The first time I tried to visit Kara Walker’s “Subtlety” exhibit at the old Domino sugar factory in Brooklyn, I traveled 2 hours from New Jersey only to end up lost somewhere near Queens in the pouring rain, and then get turned away by an intern at the front gate after arriving 5 mins too late. At that point, I had only seen post after post on social media and art blogs about this must-see, incredible exhibit of Walker’s, so although frustrated, soaking wet, and exhausted, I left undeterred that I would see the show before it’s close.
Of course, that meant I would turn up one month later, on the very last day, naturally. I thought it would be an easy visit this time, as I now knew not to take my faulty GPS seriously, and find my own way, with the help of a friend, to the construction site where the sugar factory now stands.
I expected a long line to enter, but as we walked block after block, endlessly trying to reach the end, I thought for sure all of New York City had made some sort of mecca-like journey to this exact spot in Brooklyn. The faces of the people we passed expressed a mixture of excitement, disbelief and genuine concern, their furrowed eyebrows implying “Are we going to get in? What is happening right now?” Even the streets themselves seemed to sneer perniciously at our foolish ambition, with shattered glass glistening everywhere, threatening every step that I took.
Just before reaching the end of the line, the bottom of my foot felt hot and warm. I looked down to see blood running down my heel and along the bottom of my sandal. (You amateur! Brooklyn laughs at those measly sandals!) Shit. My friend ran to get band aids. Fellow waiters in line offered napkins, words of encouragement, and shoulders to lean on so I could take off my shoe. We were all in this together. I limped along, grateful for their sympathies, and the local grocery store. We were all determined to make it.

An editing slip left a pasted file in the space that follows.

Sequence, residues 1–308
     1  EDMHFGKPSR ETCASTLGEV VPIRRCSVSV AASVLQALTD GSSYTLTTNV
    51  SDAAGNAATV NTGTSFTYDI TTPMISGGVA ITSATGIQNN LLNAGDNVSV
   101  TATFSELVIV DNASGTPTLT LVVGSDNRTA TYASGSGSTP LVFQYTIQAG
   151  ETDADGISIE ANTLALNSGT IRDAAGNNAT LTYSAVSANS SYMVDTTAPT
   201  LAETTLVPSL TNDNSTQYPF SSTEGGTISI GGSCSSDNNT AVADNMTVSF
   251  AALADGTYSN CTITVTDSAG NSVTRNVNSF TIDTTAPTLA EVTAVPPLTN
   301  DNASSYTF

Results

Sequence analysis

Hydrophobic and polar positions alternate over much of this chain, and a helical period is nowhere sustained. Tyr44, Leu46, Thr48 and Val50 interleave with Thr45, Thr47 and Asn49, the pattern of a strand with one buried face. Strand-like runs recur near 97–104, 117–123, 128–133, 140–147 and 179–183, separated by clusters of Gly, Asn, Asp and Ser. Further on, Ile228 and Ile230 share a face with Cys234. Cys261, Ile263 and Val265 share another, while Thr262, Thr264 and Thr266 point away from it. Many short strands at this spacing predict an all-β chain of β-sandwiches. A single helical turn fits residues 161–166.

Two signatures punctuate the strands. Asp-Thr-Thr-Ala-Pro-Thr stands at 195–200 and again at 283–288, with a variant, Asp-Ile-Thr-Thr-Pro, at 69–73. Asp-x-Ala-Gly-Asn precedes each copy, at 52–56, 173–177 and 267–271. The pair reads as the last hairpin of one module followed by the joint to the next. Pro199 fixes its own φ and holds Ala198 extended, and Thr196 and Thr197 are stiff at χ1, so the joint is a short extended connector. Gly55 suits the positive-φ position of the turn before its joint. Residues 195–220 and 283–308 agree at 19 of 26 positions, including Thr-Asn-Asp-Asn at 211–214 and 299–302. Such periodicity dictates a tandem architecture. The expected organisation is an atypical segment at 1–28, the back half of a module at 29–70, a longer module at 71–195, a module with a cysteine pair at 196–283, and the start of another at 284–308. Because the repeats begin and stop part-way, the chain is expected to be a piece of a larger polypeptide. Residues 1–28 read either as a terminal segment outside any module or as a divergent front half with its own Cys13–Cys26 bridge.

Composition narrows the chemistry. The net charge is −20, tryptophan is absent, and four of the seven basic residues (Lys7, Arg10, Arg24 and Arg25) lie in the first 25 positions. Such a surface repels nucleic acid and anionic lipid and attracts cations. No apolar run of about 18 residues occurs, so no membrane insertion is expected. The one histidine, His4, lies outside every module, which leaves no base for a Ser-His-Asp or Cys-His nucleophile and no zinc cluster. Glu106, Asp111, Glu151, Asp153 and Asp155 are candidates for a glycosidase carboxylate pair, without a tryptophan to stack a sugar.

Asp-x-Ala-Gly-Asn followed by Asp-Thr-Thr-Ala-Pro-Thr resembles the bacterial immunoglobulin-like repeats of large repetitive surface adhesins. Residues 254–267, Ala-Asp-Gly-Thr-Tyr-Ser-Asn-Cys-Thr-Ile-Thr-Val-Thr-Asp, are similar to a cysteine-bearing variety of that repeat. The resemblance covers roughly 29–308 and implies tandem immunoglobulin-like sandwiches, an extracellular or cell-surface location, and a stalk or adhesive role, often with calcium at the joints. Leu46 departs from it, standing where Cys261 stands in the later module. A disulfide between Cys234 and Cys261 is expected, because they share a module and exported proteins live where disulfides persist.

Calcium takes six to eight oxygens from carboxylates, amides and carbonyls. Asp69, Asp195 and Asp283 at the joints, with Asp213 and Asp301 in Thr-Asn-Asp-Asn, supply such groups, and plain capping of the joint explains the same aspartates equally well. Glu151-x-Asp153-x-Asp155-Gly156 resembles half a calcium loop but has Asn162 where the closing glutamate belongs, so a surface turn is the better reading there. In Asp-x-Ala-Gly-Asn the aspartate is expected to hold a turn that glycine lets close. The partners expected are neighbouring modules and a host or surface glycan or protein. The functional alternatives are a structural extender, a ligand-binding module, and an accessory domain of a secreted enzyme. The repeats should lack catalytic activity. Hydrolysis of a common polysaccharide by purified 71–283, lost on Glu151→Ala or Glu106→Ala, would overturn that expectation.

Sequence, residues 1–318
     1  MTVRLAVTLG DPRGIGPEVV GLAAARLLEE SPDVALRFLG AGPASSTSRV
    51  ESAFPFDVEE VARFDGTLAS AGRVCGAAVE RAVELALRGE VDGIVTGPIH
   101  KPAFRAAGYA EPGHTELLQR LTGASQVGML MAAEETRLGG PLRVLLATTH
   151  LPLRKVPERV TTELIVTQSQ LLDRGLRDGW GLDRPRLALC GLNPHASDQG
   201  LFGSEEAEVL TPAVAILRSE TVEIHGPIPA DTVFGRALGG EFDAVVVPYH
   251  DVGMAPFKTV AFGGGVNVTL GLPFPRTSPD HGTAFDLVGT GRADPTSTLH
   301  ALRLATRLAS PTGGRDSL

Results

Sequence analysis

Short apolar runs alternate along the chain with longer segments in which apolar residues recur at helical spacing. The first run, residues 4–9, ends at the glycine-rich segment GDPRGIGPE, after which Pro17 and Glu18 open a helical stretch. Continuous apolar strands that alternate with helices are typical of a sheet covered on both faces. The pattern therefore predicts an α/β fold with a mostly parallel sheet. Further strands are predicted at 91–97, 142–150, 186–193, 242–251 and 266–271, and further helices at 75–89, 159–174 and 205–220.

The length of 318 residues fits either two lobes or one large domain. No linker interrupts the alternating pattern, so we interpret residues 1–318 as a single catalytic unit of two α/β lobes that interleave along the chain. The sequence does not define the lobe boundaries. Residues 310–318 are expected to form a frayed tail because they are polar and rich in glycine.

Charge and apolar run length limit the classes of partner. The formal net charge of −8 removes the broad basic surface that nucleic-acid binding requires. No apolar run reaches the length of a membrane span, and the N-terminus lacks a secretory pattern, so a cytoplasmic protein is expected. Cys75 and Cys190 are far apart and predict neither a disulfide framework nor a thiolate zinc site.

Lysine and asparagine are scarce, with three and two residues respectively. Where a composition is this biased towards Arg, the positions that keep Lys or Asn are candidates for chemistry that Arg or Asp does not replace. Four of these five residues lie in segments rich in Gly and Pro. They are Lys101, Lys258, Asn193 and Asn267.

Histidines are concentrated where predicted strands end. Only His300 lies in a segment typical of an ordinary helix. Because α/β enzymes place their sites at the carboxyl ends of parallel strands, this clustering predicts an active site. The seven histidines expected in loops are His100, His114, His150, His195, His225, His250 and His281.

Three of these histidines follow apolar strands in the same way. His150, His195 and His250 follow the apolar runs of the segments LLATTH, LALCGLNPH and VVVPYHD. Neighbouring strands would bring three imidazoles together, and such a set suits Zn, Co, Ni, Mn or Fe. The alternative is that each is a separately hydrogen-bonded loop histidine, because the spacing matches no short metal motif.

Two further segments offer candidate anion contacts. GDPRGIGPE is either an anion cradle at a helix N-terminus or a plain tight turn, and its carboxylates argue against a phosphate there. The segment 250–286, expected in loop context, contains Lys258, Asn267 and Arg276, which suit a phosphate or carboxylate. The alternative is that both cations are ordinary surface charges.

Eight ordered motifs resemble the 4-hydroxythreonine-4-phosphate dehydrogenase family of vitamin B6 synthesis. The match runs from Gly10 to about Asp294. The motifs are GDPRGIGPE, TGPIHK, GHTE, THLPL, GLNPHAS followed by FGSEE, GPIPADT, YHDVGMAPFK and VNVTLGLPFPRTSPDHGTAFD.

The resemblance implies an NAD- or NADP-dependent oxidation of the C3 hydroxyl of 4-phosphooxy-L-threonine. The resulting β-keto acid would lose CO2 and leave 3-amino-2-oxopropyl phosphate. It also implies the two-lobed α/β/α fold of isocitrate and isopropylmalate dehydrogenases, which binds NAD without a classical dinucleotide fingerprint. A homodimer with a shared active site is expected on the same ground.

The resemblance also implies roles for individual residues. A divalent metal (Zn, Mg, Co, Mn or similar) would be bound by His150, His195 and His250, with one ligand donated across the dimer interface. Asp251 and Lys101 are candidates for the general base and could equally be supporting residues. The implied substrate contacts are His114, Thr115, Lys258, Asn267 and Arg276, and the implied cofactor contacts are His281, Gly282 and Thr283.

The blazing summer sun beat down on us as we waited, then walked/limped along to the entrance like refugees hungry for a hot meal. At the gate, we were handed release forms, basically saying that the exhibit is on an active construction site, so please don’t sue us if you lose a limb, or your life. Chuckling to myself that I was going to see this show, even if it quite literally killed me, I signed the dotted line.
The first thing I truly encountered upon finally entering the dilapidated sugar factory was the smell. Years and years of sucrose, now in shades of black and deep brown, were caked onto every single visible surface, and mixed almost poetically with the scents of sweat, metal and refuse. It was overpowering, and a few women in front of me immediately turned around and walked out, unable to handle it. It hit me then that this art exhibit, this experience, whether intended by Walker or not, was never meant to be easy. It was going to be deep, and unpleasant, and powerful, and hard. It was going to address the ugly, the triumphant, the disgusting underbelly of the world’s history with sugar, slavery, and blackness.
Statues of young boys made of resin and several layers of white and brown sugar were scattered around the factory floor, greeting us as we entered. Most carried baskets of sugar that, in this final hour, had now turned into pools of black molasses. Everything was melting: the slight grins on their faces; the sockets of their eyes; in some cases their entire bodies. This melting was irreversible, the damage irreparable, inescapable, and inherent to the conditions these statues had been placed in, as if they were doomed from the start to wither away into puddles on the floor. I walked around them carefully, silently, soaking in the imagery. Some were still standing, the remaining survivors surrounded by pools of black, sugary “blood” that had run like rivers down the factory’s main floor. Others were completely unrecognizable, and had taken on misshapen and monstrous forms. The metaphors and messages in every inch of the room was almost ridiculous.
And then you see it. Her. A huge white sphinx, her head very nearly touching the factory ceiling, with the arms and paws of a lion, the head of a “Mammy”, and her breasts, buttocks and vagina hugely exaggerated, as if to state that this is an all at once inherently sexual, fantasized, objectified and yet powerful being. Some crowded around her, taking photos with friends and husbands like the generic tourists that they probably were. Others couldn’t get close, either offended (or maybe just saddened) by the racist history and imagery she embodied and reminded them of; or in awe of the brazen and bold aura she silently radiated.
I left the factory and cried.
“All of the history in that room,” I said to my friend, “is my, is our, history.”